Director Michael Winterbottom
Starring Steve Coogan, Rob Brydon, Marta Barrio
The Trip film series is an odd concept. Take two middle aged comedians, send them on a trip to eat at various high class restaurants, where they will joke around, and suffer some sort of existential angst along the way. When that is successful, do it again in another country. All of which is the cut down version, edited for theatrical release, of a TV series. Yet the film series has its appeal, and has certainly found its audience.
This third iteration in the series sees Steve Coogan and Rob Brydon hopping on a ferry and heading to Spain, to indulge in luxurious repasts to review for their respective papers. Coogan is suffering career anxiety after a failure to capitalise on the success of Philomena, while Brydon is dealing with the highs and lows of being away from his young family.
For those of you familiar with The Trip series, this is more of the same. Gratuitous food porn, lingering mid-life crises, stunning locations, an interesting dose of history, and a number of hilarious impersonations of actors. Coogan and Brydon play close proximities to their off screen persona, burdened with a similar career history, that often blurs the lines between fact and fiction. It is an exercise in middle class, over-educated, existential ennui, and if you are the target audience then it hits home with the force of a freight train (or in this case, an over-packed Range Rover driven by two aging comedians singing along to easy listening tunes).
I am. Lord help me, I am. And it really does hit home.
At the surface level, it is just enjoyable to see the two comedians riffing off each other, encouraging each other to go further with a routine or a joke, each adding a touch of inspiration. Yet this has never been all there is to The Trip series of films. There is always a tinge of sadness and the sense of loss for what might have been. Coogan carries this like a badge through the film series, never quite being where he deems he should be professionally, nor with the personal life he would want either. Brydon by contrast is the less successful, but a more family orientated jobbing actor. It’s little wonder that they are cast by the publicist as Don Quixote and Sancho Panza, the dreamer aristocrat and the pragmatic plebeian.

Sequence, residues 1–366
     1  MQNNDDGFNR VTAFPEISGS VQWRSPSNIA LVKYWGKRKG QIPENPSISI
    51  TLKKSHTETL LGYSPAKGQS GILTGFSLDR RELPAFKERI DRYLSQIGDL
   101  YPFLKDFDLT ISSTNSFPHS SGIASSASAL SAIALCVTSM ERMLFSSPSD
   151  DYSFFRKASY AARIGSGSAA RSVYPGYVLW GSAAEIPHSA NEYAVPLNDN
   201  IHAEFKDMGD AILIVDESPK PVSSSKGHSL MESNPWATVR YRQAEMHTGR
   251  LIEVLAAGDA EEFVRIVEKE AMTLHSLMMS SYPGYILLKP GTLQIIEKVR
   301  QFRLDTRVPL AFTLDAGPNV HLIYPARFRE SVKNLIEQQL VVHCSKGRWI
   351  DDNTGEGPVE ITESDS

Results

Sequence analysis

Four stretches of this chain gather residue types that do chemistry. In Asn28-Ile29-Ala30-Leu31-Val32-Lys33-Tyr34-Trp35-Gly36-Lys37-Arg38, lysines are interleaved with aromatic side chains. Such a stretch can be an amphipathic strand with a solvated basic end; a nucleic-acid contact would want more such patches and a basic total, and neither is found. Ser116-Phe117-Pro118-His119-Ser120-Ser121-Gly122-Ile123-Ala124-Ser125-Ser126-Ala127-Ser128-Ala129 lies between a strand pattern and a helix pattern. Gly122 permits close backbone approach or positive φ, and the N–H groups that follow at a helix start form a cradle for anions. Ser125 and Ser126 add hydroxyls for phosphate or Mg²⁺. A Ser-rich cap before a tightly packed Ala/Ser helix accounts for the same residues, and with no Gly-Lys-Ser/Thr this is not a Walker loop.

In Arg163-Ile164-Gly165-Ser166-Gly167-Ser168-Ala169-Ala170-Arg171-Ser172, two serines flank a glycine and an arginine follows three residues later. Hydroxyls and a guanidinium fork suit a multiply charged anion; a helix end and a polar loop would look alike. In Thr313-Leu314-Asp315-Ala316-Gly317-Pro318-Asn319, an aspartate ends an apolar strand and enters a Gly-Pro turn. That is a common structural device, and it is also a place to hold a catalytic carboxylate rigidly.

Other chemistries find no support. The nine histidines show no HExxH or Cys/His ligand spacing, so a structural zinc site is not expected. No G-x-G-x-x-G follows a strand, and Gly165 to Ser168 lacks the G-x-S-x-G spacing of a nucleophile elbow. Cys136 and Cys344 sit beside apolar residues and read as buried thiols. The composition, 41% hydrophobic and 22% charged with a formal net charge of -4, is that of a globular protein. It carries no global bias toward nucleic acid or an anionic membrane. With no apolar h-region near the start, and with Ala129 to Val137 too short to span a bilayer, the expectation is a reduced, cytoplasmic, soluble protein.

With the history presented by The Trip to Spain that undertone of melancholy becomes even more entrenched. It is the history of Moorish occupation, bloody reconquest, Inquisition, and a fascist Franco regime. In a remarkably light way they explore a bloody past, all of which sets the ground work, for one of the most tonally whiplash inducing final scenes we will see this year. Almost as if director Michael Winterbottom is examining repeating historical patterns of civilised decadence and brutal decline, in a light travel comedy about two aging comedians eating their way across a country.
As with all the series, this film rests on a tripod of three factors. The beautiful scenery of the country in question (obviously Spain this time), which Winterbottom vividly brings to life with numerous sweeping drone shots. A gourmand spread of exotic food, adequately supplied by Spain’s cuisine tradition of a reliance on good produce and simple preparation to allow those produces to speak for itself. Finally the comic timing between Coogan and Brydon, which is fine tuned in this iteration. The standout sequence being Brydon continuing with a Roger Moore impression long past the point of the joke, till it actually loops around to become funny again.
The Trip to Spain may follow the well trodden route of the previous films, but it does it well with beautiful cinematography and deft comedic flourishes. The end result is something that matches the level of quality of its predecessors, even if you notice that it is working harder to do so.